Some good economic news for once: the latest Purchasing Managers’ Index from Markit/CIPS - the most reliable indicator of service sector confidence - rose to 57.1 in March, a ‘marked improvement’ on February’s 52.6. Apparently employment rose for the first time in nine months, while sales and new business enquiries were also up - which, according to Markit, could mean that we see economic growth in the region of 0.8% in the first quarter. So that's a step in the right direction. Although any interest rate rises (and, if you believe the IMF, the emergence of new 'black swans') could yet make this rally a short-lived one...
The PMI figures come as a welcome relief after the latest research from the British Chambers of Commerce, which reckons that recent output levels have only been 'marginally higher’ than they were before the pre-Christmas bad weather. Its study, of 6,000 businesses across the UK, found (more or less as you'd expect) that exports are strong, but confidence and domestic demand are suffering, while cashflow is proving a ‘real concern for business’. 80% of manufacturing firms said the cost of raw materials was putting pressure on them to raise prices.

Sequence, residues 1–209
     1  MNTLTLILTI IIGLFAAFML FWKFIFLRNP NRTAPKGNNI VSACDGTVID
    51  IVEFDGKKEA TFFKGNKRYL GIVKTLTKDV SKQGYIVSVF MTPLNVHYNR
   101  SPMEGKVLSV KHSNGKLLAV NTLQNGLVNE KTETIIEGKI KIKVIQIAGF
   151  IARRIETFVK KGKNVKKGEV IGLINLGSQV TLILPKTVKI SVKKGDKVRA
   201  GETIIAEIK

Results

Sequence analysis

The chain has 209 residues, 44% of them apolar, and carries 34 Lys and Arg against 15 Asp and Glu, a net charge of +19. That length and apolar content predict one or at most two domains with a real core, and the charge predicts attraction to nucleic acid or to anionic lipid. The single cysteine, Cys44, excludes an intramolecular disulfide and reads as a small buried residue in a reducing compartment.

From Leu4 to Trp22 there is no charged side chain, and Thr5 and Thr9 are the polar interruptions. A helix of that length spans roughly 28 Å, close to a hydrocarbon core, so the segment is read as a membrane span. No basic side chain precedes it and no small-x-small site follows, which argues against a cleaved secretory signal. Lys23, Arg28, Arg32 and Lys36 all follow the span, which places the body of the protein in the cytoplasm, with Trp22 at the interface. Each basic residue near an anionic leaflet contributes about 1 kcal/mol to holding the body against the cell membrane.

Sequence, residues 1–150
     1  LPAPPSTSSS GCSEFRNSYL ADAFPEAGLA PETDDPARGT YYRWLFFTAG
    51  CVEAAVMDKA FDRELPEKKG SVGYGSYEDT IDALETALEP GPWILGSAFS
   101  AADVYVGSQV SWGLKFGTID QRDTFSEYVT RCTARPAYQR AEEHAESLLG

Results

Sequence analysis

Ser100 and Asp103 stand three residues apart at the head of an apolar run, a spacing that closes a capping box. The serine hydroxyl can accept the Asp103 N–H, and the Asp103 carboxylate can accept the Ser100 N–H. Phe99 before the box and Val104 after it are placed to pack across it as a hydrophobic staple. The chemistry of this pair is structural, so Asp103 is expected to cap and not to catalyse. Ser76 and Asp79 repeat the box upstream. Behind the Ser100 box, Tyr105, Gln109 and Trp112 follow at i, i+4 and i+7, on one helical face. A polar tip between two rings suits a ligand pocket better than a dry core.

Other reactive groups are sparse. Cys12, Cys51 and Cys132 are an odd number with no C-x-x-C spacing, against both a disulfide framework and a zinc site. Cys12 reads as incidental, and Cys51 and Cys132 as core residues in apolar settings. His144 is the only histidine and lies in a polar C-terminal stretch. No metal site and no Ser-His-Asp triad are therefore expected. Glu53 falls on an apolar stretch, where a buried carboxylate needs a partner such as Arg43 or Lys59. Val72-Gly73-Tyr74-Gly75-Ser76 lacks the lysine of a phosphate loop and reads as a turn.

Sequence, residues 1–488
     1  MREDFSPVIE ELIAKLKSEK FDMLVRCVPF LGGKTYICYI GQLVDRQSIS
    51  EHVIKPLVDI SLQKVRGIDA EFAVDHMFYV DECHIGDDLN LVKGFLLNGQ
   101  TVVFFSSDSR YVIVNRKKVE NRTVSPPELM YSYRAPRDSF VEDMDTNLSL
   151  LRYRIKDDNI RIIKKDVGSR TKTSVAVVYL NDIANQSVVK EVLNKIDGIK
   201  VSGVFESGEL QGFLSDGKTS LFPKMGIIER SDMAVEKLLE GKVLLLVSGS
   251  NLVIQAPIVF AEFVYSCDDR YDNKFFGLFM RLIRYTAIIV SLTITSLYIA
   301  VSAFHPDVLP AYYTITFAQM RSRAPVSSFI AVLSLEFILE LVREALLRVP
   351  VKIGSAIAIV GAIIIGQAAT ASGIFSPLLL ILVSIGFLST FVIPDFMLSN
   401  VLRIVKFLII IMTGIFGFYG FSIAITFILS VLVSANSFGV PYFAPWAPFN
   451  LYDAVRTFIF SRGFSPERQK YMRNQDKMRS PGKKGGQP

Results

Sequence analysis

Still, BCC chief economist David Kern reckons the Government and the Bank of England are on the right track; in fact, he warned that it would be a ‘massive mistake’ to raise interest rates any time soon, as it would ‘squeeze the fragile upturn’. With household debt still standing at about 150% of incomes, it's clear that higher debt and mortgage repayments would really hurt.
An equally cheery view comes from Dominique Strauss-Kahn, the head of the International Monetary Fund. As well as blaming inequality for the current economic woes, and urging pan-European solidarity on taxing financial services to help sort it all out, Strauss-Kahn told students in Washington on Monday that ‘numerous black swans are now swimming in the global economic lake’.
This may sound like a banker gone all David Attenborough. But Strauss-Kahn is channelling economic 'sage' Nassim Nicholas Taleb - the idea being that investors tend to ignore unpredictable high-impact events, with dangerous consequences. (Though far be it from us to point out that Black Swans are by their very nature unpredicted, so any prediction of their existence seems a bit odd).
The Office for National Statistics releases its first estimate of Q1 GDP on 27 April. Whether it’s positive like the CIPS, negative like the BCC or just simply warning us to expect things we didn’t expect, only time will tell.